Insert plates

A day later than I intended, but I suppose that happens.
 
First things first, here are the insert plates.
 
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I’ve got one turned over, and you can see the detail that’s gone into making them. The white part in the center is where a slot has already been made so that the saw doesn’t catch on the plate when it’s in the table. If the slot wasn’t there, the saw blade would bind on start up and break the belt. Or worse, damage the motor. Also, because the relief is already there, I don’t have to start out with a smaller blade to avoid breaking something. Nice touch.
 
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Here you can see the differences between the stock (yellow) insert and the new ones. Much thicker, as it’s not metal. That’s why the relief is needed to clear the blade. Here’s a little more detail of the underside.
 
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Before I show you how I installed it, let me go over again why I got them. The theory is, that when you don’t have anything behind or supporting a piece of wood (especially plywood), you get tearout – when the cut looks fuzzy or it looks like pieces have splintered away. That’s why some of the projects I’ve done have a ragged looking edge – some of the top layer of ply has splintered off at the cut, leaving behind the darker layer underneath. It doesn’t make for a good look, and most of what you see in my pictures was done by my circular saw. I have some left over hardboard that I’m planning on making a zero clearance insert for that before I use it again. A zero clearance insert also supports small pieces from falling into the saw interior. This was a big reason why I hadn’t been able to use my dado stack yet. A third reason is to reduce uncontrollable dust. With the insert on, you get much more of the dust go where it’s supposed to – out the dust port and not all over the top of the table and into your lungs.
 
Now, on to the process: The first step was to remove the original yellow insert, which you have already seen a picture of. Next, I raise the blade up and remove the riving knife and guard.
 
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Now, I must pause and explain a little bit about the difference between a riving knife and a splitter, and the important safety aspect all of this plays. The riving knife is the hunk of metal you see right behind the saw blade. This prevents the cut material from closing back up around the blade and producing kickback. Kickback is very dangerous, and can bruise, break and kill. What also helps prevent kickback are the little pieces of metal with teeth, called pawls. They grab the wood and keep it from reversing direction. The guard also gives a visual representation of where your hand should never go. I doubt it would do much if the blade ever came apart, but I try not to think about that. Some guards also have a dust collection port, something I may look into if I start cutting in the shop in any capacity.
 
Now, there’s one big difference between a riving knife and a splitter: a riving knife is directly connected to the saw’s travel. It tilts, the knife tilts. It lowers, the knife lowers. A splitter does not. It is either directly perpendicular to the table top or it travels with the blade guard. It’s an inferior setup, but not a horrid one. I’d rather have a splitter than nothing at all. Obviously, with a non-through cut (one where the blade does not go through the top of the piece, like a dado or a kerf), neither is used.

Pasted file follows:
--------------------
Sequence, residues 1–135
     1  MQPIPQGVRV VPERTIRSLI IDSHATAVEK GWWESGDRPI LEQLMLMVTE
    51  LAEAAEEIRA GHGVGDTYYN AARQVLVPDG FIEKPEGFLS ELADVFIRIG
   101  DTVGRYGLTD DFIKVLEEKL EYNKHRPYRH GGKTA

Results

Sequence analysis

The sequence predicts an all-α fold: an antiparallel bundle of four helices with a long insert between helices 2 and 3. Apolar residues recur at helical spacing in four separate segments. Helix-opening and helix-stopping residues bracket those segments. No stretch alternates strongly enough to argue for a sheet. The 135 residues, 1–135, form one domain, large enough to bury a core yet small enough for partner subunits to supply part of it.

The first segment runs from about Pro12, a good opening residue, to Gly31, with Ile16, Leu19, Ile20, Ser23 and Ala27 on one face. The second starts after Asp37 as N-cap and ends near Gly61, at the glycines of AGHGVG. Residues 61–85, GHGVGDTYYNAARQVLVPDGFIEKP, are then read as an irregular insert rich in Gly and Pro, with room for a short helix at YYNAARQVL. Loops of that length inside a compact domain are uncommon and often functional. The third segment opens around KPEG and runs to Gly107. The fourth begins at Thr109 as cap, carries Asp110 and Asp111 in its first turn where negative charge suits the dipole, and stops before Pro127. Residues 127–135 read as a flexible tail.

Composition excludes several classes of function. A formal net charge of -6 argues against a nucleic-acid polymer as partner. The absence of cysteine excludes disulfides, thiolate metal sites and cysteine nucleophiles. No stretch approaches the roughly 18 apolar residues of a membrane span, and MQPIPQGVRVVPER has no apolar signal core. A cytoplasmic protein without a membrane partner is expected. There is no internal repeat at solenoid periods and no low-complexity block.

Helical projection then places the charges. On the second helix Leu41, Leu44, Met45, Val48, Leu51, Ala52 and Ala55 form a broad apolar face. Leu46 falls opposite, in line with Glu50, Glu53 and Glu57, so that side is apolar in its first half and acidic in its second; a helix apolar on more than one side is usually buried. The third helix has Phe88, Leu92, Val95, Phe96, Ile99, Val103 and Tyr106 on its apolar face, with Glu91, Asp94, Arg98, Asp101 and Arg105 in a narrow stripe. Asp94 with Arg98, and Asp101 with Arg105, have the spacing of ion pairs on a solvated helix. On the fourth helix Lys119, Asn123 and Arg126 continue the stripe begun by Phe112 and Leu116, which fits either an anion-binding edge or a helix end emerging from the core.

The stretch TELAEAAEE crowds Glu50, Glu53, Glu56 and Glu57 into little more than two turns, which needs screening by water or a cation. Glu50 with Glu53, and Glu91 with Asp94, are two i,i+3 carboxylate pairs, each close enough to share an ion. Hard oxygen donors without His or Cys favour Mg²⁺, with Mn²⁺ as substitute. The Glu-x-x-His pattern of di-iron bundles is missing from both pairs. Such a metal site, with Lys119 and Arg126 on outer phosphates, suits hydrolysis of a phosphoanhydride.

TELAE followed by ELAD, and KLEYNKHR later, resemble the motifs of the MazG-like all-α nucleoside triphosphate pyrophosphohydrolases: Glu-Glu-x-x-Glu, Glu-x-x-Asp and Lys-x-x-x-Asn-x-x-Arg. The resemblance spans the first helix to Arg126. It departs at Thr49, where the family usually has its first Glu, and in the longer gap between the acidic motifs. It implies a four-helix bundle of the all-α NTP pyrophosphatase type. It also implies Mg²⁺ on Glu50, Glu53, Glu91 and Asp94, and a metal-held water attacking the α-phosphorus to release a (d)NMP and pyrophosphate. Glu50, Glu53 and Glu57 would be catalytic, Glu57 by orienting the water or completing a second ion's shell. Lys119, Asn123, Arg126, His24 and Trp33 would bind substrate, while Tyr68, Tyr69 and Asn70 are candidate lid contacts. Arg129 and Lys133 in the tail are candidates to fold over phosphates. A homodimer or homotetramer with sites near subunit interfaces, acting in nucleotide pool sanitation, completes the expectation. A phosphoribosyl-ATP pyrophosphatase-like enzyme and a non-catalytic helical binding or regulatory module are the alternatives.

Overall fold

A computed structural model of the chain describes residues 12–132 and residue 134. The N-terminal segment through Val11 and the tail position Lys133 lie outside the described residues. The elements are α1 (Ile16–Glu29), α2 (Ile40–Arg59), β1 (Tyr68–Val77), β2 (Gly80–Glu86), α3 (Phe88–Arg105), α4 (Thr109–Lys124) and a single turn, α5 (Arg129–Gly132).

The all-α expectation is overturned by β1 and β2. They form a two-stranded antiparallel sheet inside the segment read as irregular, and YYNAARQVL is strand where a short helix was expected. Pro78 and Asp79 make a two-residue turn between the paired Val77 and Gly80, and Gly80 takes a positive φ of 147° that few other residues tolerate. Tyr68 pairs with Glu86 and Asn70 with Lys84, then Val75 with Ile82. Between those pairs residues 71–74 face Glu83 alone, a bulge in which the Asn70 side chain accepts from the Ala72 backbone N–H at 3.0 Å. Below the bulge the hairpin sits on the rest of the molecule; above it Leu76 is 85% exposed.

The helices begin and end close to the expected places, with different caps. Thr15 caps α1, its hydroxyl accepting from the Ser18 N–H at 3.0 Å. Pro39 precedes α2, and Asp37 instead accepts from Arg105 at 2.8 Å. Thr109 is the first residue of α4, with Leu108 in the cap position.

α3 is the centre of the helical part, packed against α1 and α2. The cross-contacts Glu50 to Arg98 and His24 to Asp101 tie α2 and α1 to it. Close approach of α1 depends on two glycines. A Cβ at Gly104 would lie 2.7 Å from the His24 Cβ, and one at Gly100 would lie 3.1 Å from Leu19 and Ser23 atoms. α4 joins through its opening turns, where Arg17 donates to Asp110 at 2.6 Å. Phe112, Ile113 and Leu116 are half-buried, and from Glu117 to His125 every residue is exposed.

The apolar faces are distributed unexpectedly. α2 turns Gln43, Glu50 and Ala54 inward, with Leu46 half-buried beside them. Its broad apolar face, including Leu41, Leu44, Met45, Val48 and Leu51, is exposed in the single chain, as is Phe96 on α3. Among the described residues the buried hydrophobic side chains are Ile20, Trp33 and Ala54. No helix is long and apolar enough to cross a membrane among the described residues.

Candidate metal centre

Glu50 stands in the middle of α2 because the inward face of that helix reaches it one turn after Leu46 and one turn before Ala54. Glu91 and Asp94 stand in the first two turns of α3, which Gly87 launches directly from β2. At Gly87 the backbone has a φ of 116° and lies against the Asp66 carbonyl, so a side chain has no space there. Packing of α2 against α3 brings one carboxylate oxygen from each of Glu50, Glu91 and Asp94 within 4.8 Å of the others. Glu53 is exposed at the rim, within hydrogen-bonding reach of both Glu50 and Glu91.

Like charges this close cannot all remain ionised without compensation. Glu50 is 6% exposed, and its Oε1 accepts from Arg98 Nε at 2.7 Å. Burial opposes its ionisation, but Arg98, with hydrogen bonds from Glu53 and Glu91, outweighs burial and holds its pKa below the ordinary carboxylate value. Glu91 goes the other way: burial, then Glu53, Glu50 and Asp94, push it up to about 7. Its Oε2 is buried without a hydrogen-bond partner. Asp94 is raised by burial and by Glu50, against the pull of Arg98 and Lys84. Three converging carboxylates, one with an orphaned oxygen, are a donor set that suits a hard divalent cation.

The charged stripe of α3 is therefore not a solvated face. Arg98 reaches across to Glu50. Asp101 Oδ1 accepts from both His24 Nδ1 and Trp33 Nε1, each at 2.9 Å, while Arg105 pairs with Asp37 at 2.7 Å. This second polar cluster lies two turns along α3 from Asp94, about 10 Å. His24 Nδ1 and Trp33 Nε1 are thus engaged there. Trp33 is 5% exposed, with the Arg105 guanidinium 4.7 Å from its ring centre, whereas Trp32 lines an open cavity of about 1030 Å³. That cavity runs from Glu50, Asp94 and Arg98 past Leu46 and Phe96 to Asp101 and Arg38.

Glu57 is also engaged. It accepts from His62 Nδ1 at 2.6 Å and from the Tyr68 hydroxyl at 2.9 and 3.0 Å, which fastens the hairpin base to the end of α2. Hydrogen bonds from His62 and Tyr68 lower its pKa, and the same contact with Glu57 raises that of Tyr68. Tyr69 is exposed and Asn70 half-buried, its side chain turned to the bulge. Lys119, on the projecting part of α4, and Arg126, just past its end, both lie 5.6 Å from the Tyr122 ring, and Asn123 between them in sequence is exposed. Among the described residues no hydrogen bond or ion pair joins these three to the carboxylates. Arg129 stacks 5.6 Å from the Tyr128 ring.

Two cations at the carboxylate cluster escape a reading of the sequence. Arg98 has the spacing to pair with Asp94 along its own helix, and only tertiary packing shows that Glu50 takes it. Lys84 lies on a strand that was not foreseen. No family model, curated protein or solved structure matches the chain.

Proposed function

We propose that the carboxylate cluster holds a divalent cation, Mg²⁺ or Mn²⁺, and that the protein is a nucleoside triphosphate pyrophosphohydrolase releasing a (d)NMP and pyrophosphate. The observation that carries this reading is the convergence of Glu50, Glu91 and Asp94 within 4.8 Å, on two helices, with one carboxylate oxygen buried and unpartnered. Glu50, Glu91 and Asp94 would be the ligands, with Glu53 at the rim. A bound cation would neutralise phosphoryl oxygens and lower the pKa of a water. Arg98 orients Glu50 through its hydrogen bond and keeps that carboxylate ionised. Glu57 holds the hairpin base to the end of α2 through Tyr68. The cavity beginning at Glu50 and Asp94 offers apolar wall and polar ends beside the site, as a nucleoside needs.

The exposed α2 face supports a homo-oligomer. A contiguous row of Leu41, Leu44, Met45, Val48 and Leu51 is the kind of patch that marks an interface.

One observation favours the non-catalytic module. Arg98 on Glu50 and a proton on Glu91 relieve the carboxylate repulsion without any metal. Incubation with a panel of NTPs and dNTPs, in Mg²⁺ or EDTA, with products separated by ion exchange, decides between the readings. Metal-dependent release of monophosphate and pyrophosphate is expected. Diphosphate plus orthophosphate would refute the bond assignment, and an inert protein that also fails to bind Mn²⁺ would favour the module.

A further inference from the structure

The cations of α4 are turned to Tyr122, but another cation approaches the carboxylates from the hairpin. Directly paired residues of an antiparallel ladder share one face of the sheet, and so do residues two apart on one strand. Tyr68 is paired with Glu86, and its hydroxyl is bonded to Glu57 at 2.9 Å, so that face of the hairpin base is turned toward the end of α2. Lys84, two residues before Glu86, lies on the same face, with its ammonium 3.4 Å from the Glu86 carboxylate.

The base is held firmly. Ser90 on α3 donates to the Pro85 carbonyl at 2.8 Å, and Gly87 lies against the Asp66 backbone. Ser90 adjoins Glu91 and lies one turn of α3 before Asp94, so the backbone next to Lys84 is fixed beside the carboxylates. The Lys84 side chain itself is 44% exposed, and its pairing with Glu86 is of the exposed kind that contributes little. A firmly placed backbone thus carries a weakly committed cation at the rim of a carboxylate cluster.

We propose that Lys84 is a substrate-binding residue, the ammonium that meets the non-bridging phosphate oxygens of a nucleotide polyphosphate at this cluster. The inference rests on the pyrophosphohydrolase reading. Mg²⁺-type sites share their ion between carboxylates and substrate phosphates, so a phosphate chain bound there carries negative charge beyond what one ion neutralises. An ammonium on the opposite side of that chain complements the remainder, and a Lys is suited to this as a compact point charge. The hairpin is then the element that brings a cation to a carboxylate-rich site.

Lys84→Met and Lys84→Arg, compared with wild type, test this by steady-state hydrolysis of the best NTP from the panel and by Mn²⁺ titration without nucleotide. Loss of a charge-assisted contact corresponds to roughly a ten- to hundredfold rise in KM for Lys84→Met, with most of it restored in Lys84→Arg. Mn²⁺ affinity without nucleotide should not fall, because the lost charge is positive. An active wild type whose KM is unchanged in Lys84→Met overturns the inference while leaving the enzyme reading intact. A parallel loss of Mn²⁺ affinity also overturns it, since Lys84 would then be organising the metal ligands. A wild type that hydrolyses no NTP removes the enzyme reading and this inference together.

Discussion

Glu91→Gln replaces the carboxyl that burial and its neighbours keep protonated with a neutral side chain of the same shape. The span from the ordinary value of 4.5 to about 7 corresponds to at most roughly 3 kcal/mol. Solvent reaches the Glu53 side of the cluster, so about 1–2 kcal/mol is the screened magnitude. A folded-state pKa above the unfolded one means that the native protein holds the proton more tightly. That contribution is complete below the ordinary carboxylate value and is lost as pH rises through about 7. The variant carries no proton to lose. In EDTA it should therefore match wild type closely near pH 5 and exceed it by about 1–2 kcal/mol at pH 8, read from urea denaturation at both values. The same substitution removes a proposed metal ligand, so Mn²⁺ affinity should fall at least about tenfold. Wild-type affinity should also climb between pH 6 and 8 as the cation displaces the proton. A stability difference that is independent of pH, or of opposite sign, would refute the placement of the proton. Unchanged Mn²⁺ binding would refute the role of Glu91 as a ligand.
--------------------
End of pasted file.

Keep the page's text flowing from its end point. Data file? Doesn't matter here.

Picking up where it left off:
Now that the knife/guard assembly is removed, the blade gets lowered all the way down to receive the new insert.
 
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At this point, I reached up into the saw and made sure the blade did not bind on the insert. Again, this is a bad thing. You’ll note that the saw was unplugged while I did this. Saw + power + hands = hospital.
 
After making sure it wouldn’t bind, I attached a sacrificial board to where the blade would break the surface. I did this to help hold down the insert, and reduce any tearout.
 
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I fired it up, and slowly went from full retraction to full extension, and shut it down and retracted the blade again.
 
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At this point I noticed the huge mess I was making in the shop. So, after dinner the saw got wheeled outside. Good news: no more mess in shop. Bad news: the mosquitoes had a buffet. While I had the knife assembly off, I decided to try out the dado stack and make an insert for that.
 
A dado cut is a wider than normal cut that does not cut through both sides of the wood, but makes a channel. It’s as wide as you need it to be, but generally as wide as a piece of wood you’re going to use for a joint. The dado set I bought has two outside blades, and multiple chippers than you can stack (hence why it’s called a dado stack) to get the proper width. I went with the 6” version, both because it’s recommended for the motor and I can get a wider cut. I did a ½” stack for simplicity, but I’m probably going to expand it to ¾”.
 
After I did the exact same process for the dado insert, I reinstalled the standard blade, and cut through the back of the standard insert to make room for the riving knife. I did this by temporarily reinstalling the OEM insert, and lining up the rip fence to where I needed to cut. I then removed the OEM insert, installed the knife, and put on the new insert. Done!
 
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That’s it for now. The project for this weekend is the pantry doors, perhaps. I’ll at least hit up the lumber yard and get what I need for it.

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